3.3. Short as Possible, Long as Necessary

In 1973, meeting the “short and complete” requirement was fairly simple: the two largest manpages in the UNIX3rd Edition archive are ed(1) and sh(1). If printed on a typesetter, ed(1) may have run 5 pages and sh(1) would have run about 4 pages. Nowadays, it is not uncommon for manpages to run dozens of pages (see the bash(1) manpage for an example).

As mentioned earlier, readers can easily lose their place in long, unfamiliar manpages when using the man command. However, many long-time UNIXusers expect to find any reference information about a command in its manpage and get annoyed if items are missing. Balancing these needs when an application gets complex can be difficult.

There are several possible ways to provide manpages that work for most people. Some of these methods are conventional, some are not.

3.3.1. Separate Manpages by Section

For example, your foo program might use a particular file format. Instead of discussing the program and the file format in the same manpage, create a foo(1) manpage describing the program, and a foo(5) manpage describing the file format. 4


4 The actual section number may vary. Linux and BSDuse section 5 to describe file formats, while traditional UNIXuses section 4. A later version may cover this topic more thoroughly.

3.3.2. Separate Manpages by Function

Some writers split large manpages to cover separate functions; perl (over)uses this method. If you use this approach, limit it to no more than two or three manpages.

3.3.3. Full and Short Versions

A seldom-used but potentially effective method involves creating both full and short versions of the manpage. The common pitfalls to using this method are:

The following is an example of a master manpage that can be processed to create full and short versions.

     .cc @
     @ec |
     @nf
     @ie rSHORT .TH foo_short 1
     @el .TH foo 1
     .SH Name
     foo −the canonical example
     .SH Synopsis
     .B foo
     .RB [ -b ]
     .RB [ -a ]
     .RB [ -r ]
     @if !rSHORT |{|
     .RB [ -q ]
     .RB [ -x ]
     .RB [ -z ]
     @|}
     .RI [ file ...]
     .SH Description
     The
     .B foo
     program reads a file and processes it.
     @ie rSHORT |{|
     This document is a quick reference,
     describing only basic features; see
     .IR foo (1)
     for a complete description.
     .|}
     @el |{|
     For a quick reference to
     .BR foo ,
     see
     .IR foo_short (1).
     @|}
     .P
     And so it goes...

An example Makefile fragment that creates the manpages would resemble the following:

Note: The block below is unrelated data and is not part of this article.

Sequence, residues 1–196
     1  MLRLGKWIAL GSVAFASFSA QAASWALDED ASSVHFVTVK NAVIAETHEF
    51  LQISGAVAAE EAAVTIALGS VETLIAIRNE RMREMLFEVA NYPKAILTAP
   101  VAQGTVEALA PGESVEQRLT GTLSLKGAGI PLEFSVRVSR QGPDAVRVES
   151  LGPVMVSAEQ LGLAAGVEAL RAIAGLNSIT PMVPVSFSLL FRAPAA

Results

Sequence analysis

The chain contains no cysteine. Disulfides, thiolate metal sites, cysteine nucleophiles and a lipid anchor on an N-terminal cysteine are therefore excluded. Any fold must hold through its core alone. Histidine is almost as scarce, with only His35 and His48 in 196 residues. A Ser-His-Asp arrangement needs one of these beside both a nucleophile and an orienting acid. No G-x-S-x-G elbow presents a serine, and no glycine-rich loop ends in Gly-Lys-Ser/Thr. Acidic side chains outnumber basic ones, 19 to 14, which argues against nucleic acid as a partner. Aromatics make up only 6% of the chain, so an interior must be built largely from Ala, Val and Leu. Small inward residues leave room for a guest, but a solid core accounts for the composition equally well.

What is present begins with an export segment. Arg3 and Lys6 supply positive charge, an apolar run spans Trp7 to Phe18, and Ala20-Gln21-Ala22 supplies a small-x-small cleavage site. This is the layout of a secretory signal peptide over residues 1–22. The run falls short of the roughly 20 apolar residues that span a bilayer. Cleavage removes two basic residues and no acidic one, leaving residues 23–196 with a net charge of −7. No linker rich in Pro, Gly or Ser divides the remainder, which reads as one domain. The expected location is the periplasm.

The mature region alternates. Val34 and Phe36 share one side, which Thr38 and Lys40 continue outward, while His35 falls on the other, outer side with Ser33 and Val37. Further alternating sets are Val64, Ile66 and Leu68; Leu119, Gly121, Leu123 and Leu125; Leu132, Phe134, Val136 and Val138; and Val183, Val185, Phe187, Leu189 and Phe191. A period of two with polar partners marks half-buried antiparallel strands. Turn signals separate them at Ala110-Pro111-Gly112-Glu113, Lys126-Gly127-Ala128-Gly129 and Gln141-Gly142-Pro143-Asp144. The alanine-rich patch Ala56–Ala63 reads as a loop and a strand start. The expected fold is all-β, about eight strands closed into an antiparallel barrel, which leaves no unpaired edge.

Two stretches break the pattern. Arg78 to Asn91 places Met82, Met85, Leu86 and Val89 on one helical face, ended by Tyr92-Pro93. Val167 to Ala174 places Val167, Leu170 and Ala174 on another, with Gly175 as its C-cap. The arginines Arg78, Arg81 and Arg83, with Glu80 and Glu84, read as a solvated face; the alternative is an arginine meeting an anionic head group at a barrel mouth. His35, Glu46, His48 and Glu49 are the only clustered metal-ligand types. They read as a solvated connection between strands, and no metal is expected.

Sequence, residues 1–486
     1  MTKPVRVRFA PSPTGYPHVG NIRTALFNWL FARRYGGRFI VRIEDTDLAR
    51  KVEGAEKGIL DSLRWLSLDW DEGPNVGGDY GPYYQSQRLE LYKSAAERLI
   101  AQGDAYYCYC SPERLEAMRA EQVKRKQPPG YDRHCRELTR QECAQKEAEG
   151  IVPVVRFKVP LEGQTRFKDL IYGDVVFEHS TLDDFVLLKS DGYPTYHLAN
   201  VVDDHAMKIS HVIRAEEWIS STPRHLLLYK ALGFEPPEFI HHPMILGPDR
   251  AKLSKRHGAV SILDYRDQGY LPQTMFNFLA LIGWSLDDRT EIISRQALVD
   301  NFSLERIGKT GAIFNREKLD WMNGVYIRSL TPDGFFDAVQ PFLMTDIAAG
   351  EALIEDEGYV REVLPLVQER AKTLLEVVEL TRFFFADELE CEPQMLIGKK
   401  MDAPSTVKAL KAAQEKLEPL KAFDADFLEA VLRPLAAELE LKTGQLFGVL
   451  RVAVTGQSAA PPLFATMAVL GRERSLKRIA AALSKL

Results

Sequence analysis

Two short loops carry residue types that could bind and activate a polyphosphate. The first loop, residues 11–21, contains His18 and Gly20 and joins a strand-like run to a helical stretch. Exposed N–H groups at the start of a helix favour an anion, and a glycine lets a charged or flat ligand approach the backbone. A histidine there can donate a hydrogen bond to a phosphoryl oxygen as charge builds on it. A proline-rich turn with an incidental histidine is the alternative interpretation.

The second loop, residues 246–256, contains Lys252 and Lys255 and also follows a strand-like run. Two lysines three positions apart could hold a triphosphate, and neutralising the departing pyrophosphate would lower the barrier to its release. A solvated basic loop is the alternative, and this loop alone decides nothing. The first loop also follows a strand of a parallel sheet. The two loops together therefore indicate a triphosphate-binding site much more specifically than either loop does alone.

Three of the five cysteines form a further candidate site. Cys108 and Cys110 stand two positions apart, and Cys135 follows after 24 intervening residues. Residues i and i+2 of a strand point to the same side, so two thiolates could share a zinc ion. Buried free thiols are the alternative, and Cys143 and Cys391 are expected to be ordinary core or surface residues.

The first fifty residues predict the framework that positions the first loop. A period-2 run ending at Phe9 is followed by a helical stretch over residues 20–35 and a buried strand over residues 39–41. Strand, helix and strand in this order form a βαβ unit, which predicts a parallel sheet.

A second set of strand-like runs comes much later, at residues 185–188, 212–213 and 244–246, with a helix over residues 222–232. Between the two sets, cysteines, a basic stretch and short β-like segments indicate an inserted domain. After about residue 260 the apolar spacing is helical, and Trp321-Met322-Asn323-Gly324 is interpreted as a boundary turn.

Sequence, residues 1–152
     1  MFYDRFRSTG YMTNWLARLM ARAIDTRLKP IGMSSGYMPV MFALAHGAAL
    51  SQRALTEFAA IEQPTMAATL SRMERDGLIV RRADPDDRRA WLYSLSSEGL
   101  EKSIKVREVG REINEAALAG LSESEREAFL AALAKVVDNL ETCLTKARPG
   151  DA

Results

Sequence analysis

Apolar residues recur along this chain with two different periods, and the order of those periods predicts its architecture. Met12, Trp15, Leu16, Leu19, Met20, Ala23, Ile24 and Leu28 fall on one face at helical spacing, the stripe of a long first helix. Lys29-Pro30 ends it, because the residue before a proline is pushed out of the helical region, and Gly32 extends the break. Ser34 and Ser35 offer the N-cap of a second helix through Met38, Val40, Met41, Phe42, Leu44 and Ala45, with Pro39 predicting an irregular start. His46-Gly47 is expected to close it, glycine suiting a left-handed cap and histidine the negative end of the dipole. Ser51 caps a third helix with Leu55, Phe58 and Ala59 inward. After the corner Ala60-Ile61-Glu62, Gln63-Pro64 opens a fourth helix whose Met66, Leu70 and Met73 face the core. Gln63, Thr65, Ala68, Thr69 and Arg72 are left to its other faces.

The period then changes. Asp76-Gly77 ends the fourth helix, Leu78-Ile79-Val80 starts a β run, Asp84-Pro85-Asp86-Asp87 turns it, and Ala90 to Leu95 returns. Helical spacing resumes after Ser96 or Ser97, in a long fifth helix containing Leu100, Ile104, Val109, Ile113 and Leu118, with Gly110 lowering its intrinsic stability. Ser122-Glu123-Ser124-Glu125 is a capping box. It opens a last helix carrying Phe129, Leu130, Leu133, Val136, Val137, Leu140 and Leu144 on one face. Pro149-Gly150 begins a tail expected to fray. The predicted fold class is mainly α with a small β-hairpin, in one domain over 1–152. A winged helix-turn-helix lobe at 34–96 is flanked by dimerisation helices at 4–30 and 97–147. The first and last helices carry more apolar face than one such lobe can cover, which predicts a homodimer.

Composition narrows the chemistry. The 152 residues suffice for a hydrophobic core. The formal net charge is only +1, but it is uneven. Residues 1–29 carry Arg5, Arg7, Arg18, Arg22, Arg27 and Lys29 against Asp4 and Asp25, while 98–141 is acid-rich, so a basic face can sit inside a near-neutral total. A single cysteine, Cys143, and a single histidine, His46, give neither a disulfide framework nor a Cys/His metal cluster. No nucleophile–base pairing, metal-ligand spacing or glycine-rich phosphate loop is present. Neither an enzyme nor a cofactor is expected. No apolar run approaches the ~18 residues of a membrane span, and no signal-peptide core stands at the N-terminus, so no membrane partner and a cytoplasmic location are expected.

manpages: foo.n foo_short.n


     foo.n: foo_master.n
         nroff -Tlatin1 foo_master.n | sed -e ’/^$/d’ > foo.n


     foo_short.n: foo_master.n
         nroff -Tlatin1 -nSHORT=1 foo_master.n | sed -e ’/^$/d’ > foo_short.n

The sed command in the pipeline removes blank lines from the nroff output.

3.4. Use Subsections Where Necessary

In some cases, there may not be any way to minimize your document. One way to make such a manpage easier to follow is to organize it into subsections and use the .SS macro to add subheadings. See the groff_ms(7) manpage in version 1.18.1 or later versions of groff for an example.

3.5. Use Tables Sparingly

Tables are useful for organizing data, but wider tables do not display well on a text screen due to line-wrapping. For HTMLoutput, groff currently converts tables to PNG images.

Keep the following in mind when creating tables for manpages:

Again, the groff_ms(7) manpage in version 1.18.1 or later versions of groff provides examples.

3.6. Use Other Preprocessors Even More Sparingly

Besides tbl, the two most common preprocessors are pic (to generate line drawings) and eqn (to format equations). While they work with printed output, programs like xman are known to have problems with at least some instances of pictures or equations. In addition, neither do very well on text displays (nroff, man). If you must use them at all, make them conditional.

There are a handful of other preprocessors, either part of the groff distribution or compatible with it (gremlin, grap, and others). However, these preprocessors have the same limitations as do eqn and pic. Some systems may not even have them installed. Avoid using these preprocessors at all unless absolutely necessary.

4. Conditional Pagination

The .ne request is convenient for creating conditional pagination, and is indeed one of the few low-level requests that can be used without problems in manpages. The simplest form is a construct like .ne 6, which forces a page break if less than six lines (or 6v) separate the current vertical position from the beginning of the footer. 5


5 Actually, from the vertical position to the next trap, but for manpages they should be the same.
If there is more distance available than what you require, the request has no effect.

You can also specify an absolute distance like .ne 1i, but in most cases specifying the number of lines works better since line height changes with the point size.

5. Testing

All the different combinations of font, point size, page size, and output media can add up to dozens — if not hundreds — of possibilities. However, you should at least try the following four methods:

Don’t forget to add preprocessor options, if necessary. Naturally, you can replace the pipelines for the printed versions with a redirect and check the PostScript output with gv or some other online viewer.

You should also test your manpage under conditions that you could reasonably expect your audience to see. For example, if your software is aimed toward KDE users, test the manpage with Konqueror.

If the pagination and output look correct for these, you may want to try variations on font and point size; try different page sizes if time allows. If you can reasonably test different printer outputs such as -Tlj4 or -Tlbp, by all means test them.

6. Conclusion

Technical writing, even — or especially — for short documents like manpages, is both art and science. The goal is to provide needed information without overwhelming your audience. By carefully controlling document content, you can create more useful manpages with a minimum of extra effort.

7. Miscellany

7.1. History

26 Apr 2004
V0.5, first public draft.
20 May 2004
V0.6, extensive changes based on voluminous feedback from the grofflist.
7 June 2004
V1.0, first common release.

7.2. Acknowledgments

Thanks to the many people on the groff list who provided feedback and encouragement, including Meg McRoberts, Alejandro López-Valencia,Pete Phillips, Clarke Echols, and others.

7.3. Legalese

Copyright ©2004 by Larry Kollar. Copying and distribution of this paper are allowed under the terms of either the GNU Free Documentation License (FDL) or the Creative Commons Attribution License.